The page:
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Some people have asked where the ideas for the pots I have been making have come from. These are not original ideas, and I owe a debt of gratitude to my teacher and fellow class mates who have far greater knowledge of the Black Country Pottery Aesthetic than me. This is just a notes pages where I am keeping track of the knowledge I have gained on the subject.
Baeryte, a Black Country word describing a style of working with clay formed and fired in the region. The Baeryte style was developed by Black Country potters and has a deliberately unaffected charm, linked not through form, but through glazing style. The Baerytes shown below are my interpretation based on Japanese Yunomi cups, locally known in the Black Country as Wobby Sobby. Based on the Japanese 侘 寂 aesthetic which favours acceptance of transience and imperfection. These cups (and sometimes bowls) favour functionality and are made for hands that worked in heavy industry, they have no handles and are held with thumb and fore finger, with the little finger held next to the foot ring.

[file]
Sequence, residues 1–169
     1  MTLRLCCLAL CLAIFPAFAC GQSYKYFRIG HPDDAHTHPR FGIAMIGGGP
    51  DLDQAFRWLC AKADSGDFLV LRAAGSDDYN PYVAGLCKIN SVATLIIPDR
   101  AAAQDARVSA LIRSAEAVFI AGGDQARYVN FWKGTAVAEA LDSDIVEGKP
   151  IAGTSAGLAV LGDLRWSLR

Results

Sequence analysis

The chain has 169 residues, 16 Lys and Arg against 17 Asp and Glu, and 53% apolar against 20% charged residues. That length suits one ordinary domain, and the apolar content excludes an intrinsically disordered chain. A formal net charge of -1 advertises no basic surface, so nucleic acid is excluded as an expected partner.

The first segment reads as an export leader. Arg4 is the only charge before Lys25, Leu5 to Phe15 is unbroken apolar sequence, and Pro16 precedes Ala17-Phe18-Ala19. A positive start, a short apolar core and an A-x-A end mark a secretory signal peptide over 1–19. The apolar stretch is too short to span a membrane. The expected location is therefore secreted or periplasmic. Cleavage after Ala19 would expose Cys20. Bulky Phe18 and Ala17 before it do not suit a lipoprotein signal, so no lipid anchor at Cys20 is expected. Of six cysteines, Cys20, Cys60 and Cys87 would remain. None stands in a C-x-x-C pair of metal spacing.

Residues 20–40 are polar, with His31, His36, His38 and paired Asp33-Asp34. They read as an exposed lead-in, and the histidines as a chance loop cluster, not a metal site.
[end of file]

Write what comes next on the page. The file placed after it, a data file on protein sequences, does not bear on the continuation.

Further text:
Riffy Chimdies, are interpretive works of the mills and factories found throughout the Black Country. Created originally as desk furniture to hold glass wells for ink (possibly manufactured from the old Chances’ glass factory). Often they would be imprinted with advertising slogans, or occasionally inspirational messages, or even reflect current affairs. These particular Riffy Chimdies are based on the artists own experiences of childhood, playing amongst the derelict industrial landscape, whilst hiding from the Wag Mon.
Along with some of the “art” and more functional pieces, I’ve also enjoyed creating various seasonal decorations, for example Halloween, Christmas, and Easter. Where possible I try and include an inspirational message.